Hyperactive kindergarten boys may earn less later

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Boys from low-income backgrounds who are hyperactive and inattentive in kindergarten earn less money as long as 30 years later, a new study shows.

Disruptive behaviors in childhood, among the most prevalent and costly mental health problems in industrialized countries, link to significant negative long-term outcomes for individuals and society, researchers say.

Recent evidence suggests that disruptive behavioral problems in the first years of life are an important early predictor of lower employment earnings in adulthood.

The new longitudinal study examined boys from low-income backgrounds to see which behaviors in kindergarten affect earnings in adulthood. The findings show that inattention links to lower earnings and prosocial behavior with higher earnings.

5 behaviors

“Identifying early childhood behavioral problems associated with economic success or failure is essential for developing targeted interventions that enhance economic prosperity through improved educational attainment and social integration,” says Daniel Nagin, professor of public policy and statistics at Carnegie Mellon University’s Heinz College of Information Systems and Public Policy and coauthor of the paper in JAMA Pediatrics.

The study looked at 920 boys who were 6 years old and lived in low-income neighborhoods in Montreal, Canada, beginning in 1984 and continuing through 2015. Kindergarten teachers rated the boys on five behaviors typically assessed at that age: inattention, hyperactivity, physical aggression, opposition, and prosocial behavior. Prosocial behavior is social behavior that benefits others, like helping, cooperating, and sharing.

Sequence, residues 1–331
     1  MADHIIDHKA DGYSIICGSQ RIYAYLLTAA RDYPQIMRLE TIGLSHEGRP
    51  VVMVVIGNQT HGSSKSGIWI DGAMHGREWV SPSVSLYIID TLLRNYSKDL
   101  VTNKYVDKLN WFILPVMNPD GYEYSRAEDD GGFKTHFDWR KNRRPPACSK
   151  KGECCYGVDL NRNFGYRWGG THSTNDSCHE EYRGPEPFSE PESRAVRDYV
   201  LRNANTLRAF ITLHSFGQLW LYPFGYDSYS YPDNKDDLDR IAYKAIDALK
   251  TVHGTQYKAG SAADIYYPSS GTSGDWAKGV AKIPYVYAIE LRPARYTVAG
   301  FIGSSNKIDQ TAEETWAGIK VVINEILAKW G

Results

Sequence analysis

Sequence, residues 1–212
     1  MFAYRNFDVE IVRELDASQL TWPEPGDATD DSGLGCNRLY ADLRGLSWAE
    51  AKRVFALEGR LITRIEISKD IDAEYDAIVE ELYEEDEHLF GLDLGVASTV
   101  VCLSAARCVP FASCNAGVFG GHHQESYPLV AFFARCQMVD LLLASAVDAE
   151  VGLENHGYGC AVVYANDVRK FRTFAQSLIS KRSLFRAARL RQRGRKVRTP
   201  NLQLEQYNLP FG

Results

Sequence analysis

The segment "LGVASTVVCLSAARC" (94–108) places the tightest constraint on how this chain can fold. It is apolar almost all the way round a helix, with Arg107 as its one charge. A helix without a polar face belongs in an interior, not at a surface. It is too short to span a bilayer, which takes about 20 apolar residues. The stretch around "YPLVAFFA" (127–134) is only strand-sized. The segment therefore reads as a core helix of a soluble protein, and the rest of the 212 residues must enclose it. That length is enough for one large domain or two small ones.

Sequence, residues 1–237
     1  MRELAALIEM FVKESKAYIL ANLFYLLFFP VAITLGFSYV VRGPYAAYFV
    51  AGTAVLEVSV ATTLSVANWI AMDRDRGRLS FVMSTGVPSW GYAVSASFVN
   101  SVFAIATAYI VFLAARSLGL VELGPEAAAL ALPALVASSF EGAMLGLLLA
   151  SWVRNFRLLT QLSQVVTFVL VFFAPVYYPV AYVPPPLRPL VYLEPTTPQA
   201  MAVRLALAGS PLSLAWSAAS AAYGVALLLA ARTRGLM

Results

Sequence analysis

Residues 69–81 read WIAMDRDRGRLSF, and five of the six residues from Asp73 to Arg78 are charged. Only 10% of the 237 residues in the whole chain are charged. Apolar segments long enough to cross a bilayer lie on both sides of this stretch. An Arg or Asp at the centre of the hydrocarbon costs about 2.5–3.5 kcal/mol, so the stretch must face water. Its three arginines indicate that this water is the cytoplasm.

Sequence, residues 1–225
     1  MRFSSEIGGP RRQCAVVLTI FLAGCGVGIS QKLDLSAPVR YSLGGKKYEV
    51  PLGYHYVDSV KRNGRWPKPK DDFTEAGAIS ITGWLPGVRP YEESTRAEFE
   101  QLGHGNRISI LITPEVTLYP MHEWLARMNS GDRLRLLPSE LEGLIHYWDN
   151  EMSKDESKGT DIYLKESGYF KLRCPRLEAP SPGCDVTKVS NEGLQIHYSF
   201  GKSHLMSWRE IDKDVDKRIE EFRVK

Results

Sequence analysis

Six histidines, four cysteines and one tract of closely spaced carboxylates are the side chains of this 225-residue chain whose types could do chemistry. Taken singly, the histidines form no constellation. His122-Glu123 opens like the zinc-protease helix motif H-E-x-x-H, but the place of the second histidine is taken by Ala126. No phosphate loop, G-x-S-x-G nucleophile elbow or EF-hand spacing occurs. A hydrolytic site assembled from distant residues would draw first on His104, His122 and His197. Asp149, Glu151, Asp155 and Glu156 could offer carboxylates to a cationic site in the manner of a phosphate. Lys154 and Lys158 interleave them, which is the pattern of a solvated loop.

The findings show that ratings of boys’ inattention—characterized as poor concentration, distractibility, having one’s head in the clouds, and lacking persistence—were associated with lower earnings when the students were 35 to 36 years old.

On the other hand, the findings associated prosocial behavior, such as trying to stop quarrels or inviting someone to join a game, with higher earnings.

Both findings took into account children’s IQ (assessed at age 13) and their families’ adversity (parents’ educational level and occupational status). Researchers used government tax return data to measure earnings.

Early intervention

The study also found that hyperactivity, aggression, and opposition were not significantly associated with changes in later earnings.

Because the research was observational in nature, researchers did not assess causality. In addition, the study did not examine earnings obtained informally that subjects probably did not report to Canadian tax authorities.

“Monitoring inattention and low levels of prosocial behavior should begin in kindergarten so at-risk boys can be identified early and targeted with intervention and support,” says coauthor Sylvana Cote of the University of Montreal and the University of Bordeaux.

Additional researchers are from University College Dublin, Ste-Justine Hospital Research Center, L’Observatoire Français des Conjonctures Économiques, Centre pour la Recherche Économique et ses Applications, Statistics Canada, and Université de Bordeaux.

Quebec social and health research funds, the Idex Fund from the University of Bordeaux, the European Commission’s Horizon 2020 Program under a European Research Council Consolidator Grant, the Social Sciences and Humanities Research Council of Canada, the Molson Foundation, the National Consortium 10 on Violence, and Statistics Canada funded the work.

Source: Carnegie Mellon University